5. #5
    hi woodmaster explain to the stalker before you go out that its your first stalk he will then know your a novice you should have your rifle sticks and binos your guide will have a roe sack and knife ect he will show you the route to stalk and try and get you into a pisition to shoot a cull animal
    atb tom

  6. #6
    If you go out with a guide you will follow him and he will get you in to the shot keep you calm and ask if you are comfortable at that range if the answer is yes to his questions he will say take her him when broad side and will even say when the deer is broad side take it now. After you have shot some say good shot reload but hey some don't. A good thank you and a big hug is all that's needed no tipping for some as it offends you pay your money this is not America. But if your out with a guide who dose not run or own the company a small gratitude is normally offered.
    Last edited by 6pointer; 16-01-2012 at 23:28.

  7. #7
    Woodmaster, my first experience with a payed stalk was only a few months ago and all I took was my usual stalking clothes binoculars that's all, my ph took me round as they will obviously know there ground really well and would know best places to possibly see a deer, when we were on the deer I was instructed to take the shots, the sticks were provided,but I guess if there was a few then could possible be instructed which one,my ph was great passed on a lot of his experience and expertise onto me on that 4hr stalk,as for the grallock they won't expect you and will if you want help show you how to do it, well this was my experience with JRoe off this site great guy who could do nothing else to try and help me and pass on any his tips on to me a real great experience, I have since booked another morning and evening stalk because I enjoyed it that much with him.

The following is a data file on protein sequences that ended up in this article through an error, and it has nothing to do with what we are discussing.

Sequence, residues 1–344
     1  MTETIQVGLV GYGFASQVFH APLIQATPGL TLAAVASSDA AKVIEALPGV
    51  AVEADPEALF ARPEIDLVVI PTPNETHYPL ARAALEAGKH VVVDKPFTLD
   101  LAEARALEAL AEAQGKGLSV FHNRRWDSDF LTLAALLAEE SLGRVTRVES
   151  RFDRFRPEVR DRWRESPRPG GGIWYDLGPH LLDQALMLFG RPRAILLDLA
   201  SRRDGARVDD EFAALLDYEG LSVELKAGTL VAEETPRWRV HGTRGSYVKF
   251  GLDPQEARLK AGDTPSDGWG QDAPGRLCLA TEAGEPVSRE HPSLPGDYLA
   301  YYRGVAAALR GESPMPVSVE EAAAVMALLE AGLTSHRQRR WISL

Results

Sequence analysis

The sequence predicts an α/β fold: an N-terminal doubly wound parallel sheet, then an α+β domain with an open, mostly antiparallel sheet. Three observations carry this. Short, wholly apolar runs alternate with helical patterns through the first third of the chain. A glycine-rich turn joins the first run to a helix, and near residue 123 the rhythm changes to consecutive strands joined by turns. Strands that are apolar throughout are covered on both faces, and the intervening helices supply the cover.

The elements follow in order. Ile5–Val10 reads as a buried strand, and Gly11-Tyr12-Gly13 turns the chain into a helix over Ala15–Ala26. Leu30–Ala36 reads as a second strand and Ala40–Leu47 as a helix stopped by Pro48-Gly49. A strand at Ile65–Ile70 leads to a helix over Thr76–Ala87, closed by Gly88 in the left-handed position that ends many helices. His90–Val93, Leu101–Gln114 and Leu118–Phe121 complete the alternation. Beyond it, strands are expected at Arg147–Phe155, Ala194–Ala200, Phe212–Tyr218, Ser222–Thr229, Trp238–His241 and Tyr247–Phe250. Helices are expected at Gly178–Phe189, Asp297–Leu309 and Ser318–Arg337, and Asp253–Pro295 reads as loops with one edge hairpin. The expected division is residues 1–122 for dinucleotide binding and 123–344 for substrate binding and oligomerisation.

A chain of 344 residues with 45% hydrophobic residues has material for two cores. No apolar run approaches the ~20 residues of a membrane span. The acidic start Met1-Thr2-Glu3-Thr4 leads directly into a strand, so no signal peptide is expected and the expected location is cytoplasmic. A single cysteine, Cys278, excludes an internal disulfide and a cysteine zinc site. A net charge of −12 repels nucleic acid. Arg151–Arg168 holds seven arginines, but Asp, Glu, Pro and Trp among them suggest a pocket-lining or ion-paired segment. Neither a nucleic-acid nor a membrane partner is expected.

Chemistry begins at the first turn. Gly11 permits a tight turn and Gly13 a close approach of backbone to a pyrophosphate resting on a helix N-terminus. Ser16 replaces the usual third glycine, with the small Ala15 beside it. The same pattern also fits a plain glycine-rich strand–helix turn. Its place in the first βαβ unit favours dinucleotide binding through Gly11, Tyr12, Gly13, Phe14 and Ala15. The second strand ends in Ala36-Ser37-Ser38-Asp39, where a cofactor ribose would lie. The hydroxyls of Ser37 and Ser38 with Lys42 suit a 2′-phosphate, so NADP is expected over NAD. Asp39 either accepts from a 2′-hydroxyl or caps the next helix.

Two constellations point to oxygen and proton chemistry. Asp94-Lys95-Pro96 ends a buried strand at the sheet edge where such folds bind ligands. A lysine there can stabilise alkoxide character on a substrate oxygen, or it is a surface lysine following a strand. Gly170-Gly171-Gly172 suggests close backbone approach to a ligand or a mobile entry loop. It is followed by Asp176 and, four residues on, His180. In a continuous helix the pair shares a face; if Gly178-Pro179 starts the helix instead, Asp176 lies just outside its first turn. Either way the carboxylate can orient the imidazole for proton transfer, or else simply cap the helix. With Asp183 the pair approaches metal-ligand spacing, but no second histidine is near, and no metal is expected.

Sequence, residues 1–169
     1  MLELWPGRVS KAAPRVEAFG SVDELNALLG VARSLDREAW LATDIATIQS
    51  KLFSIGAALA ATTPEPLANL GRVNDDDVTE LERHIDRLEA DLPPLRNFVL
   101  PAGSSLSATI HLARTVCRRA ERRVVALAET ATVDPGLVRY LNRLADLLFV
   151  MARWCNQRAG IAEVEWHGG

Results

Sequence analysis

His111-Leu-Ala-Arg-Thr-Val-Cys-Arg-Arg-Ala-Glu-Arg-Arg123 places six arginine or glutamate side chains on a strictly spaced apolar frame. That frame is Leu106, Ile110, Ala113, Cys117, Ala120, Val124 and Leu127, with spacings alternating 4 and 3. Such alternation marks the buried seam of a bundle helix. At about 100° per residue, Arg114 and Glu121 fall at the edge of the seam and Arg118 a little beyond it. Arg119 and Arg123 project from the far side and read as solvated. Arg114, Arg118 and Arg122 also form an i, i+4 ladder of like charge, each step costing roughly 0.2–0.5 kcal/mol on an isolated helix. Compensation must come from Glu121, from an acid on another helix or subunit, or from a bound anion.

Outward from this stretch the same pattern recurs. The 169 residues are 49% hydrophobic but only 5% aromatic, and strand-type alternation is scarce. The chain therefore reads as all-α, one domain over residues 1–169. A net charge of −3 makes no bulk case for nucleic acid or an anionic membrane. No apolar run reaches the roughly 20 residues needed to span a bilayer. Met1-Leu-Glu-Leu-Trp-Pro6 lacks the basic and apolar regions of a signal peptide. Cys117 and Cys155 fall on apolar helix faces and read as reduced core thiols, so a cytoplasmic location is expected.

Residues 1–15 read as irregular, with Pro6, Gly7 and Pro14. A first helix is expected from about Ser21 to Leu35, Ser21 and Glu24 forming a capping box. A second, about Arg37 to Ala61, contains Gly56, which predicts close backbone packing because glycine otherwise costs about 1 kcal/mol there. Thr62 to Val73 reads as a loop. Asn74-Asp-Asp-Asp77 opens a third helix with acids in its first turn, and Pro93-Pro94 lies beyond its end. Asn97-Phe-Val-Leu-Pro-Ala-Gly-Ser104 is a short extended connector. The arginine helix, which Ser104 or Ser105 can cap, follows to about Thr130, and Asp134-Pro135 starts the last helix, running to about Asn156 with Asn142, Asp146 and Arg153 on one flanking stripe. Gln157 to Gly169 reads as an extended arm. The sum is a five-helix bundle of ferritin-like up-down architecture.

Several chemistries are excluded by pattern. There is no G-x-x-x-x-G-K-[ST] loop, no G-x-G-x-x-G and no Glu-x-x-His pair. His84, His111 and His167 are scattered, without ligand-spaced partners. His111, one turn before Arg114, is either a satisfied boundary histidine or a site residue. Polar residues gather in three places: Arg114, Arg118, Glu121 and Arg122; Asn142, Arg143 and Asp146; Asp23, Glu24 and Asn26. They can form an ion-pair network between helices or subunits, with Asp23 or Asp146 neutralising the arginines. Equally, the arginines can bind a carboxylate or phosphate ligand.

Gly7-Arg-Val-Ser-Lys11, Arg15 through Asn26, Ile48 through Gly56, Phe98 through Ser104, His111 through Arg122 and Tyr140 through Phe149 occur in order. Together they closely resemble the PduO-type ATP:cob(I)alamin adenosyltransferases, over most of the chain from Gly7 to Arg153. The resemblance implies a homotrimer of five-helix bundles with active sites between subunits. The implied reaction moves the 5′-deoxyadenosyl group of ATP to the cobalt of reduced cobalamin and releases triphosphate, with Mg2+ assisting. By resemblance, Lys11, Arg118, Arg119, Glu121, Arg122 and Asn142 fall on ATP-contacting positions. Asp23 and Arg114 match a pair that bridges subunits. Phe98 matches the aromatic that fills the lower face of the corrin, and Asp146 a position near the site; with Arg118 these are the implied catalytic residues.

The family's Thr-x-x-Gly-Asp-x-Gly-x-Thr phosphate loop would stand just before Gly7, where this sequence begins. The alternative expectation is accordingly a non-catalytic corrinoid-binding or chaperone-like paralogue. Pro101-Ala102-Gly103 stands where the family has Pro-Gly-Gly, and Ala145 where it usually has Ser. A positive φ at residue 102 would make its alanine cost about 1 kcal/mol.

8. #8
    just make sure you communicate in advance so the guide knows what to expect and you know he/she will make sure you have a great first outing that you can constructively build on for your second, third, etc. eventually graduating and building equipment over time to the point where you feel comfortable of taking it on yourself.  communication and honesty is key, if you are wondering about tips, ask! I recall when I had my first trip to the Tweed, a the ghillie at ravenswood, Tony Ford I think it was, helped me with my double spey casting and let me borrow a rod after he realised my setup didn't match the line rating properly so didn't load the rod...anyway, caught a double figure sea trout, my first, and had a great day.  even though I'd been fishing for years and years, I was new at this game, and I was not afraid to ask for help. he was very helpful and at the end of the day I gave him 40 to split between his buddy and him, and I asked, I've not tipped a ghillie before, is this a fair tip? he said 'yes, that's perfect, many thanks'.  I've been back since and look forward to booking another day this autumn I hope oh,,,btw,,I've been fishing for 30 years, fly fishing for 15 and salmon fishing for 6...I've still to catch my first salmon,,but I will never stop trying because it's the day and process that is enjoyable, the catch is/will just be a bonus

  9. #9
    Thanks. Set my mind at rest. Great to hear from people new to stalking as well seasoned ones. Will be putting in some extra practice off the sticks over the next day or two in the hope I will get that first animal. I did tell the PH that this was to be my first stalk but as is often the case with us lone hunters he seemed to be a man of few words, so just thought I'd better know the form. Cheers.